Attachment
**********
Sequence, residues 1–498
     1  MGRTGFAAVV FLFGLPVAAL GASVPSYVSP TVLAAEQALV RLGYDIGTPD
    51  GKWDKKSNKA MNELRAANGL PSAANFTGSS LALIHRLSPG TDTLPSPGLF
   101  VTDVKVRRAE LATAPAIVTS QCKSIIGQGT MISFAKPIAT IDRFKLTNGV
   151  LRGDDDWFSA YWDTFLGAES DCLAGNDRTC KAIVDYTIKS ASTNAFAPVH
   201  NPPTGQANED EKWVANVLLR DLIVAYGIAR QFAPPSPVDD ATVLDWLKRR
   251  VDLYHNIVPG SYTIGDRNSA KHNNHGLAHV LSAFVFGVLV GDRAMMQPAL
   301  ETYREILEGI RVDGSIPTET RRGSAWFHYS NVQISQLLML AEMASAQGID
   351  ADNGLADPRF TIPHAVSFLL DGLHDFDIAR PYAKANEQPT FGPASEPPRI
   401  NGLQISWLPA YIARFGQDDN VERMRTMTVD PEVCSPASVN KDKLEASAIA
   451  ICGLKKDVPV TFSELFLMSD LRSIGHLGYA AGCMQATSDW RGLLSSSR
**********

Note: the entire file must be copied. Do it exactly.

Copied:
Sequence, residues 1–498
     1  MGRTGFAAVV FLFGLPVAAL GASVPSYVSP TVLAAEQALV RLGYDIGTPD
    51  GKWDKKSNKA MNELRAANGL PSAANFTGSS LALIHRLSPG TDTLPSPGLF
   101  VTDVKVRRAE LATAPAIVTS QCKSIIGQGT MISFAKPIAT IDRFKLTNGV
   151  LRGDDDWFSA YWDTFLGAES DCLAGNDRTC KAIVDYTIKS ASTNAFAPVH
   201  NPPTGQANED EKWVANVLLR DLIVAYGIAR QFAPPSPVDD ATVLDWLKRR
   251  VDLYHNIVPG SYTIGDRNSA KHNNHGLAHV LSAFVFGVLV GDRAMMQPAL
   301  ETYREILEGI RVDGSIPTET RRGSAWFHYS NVQISQLLML AEMASAQGID
   351  ADNGLADPRF TIPHAVSFLL DGLHDFDIAR PYAKANEQPT FGPASEPPRI
   401  NGLQISWLPA YIARFGQDDN VERMRTMTVD PEVCSPASVN KDKLEASAIA
   451  ICGLKKDVPV TFSELFLMSD LRSIGHLGYA AGCMQATSDW RGLLSSSR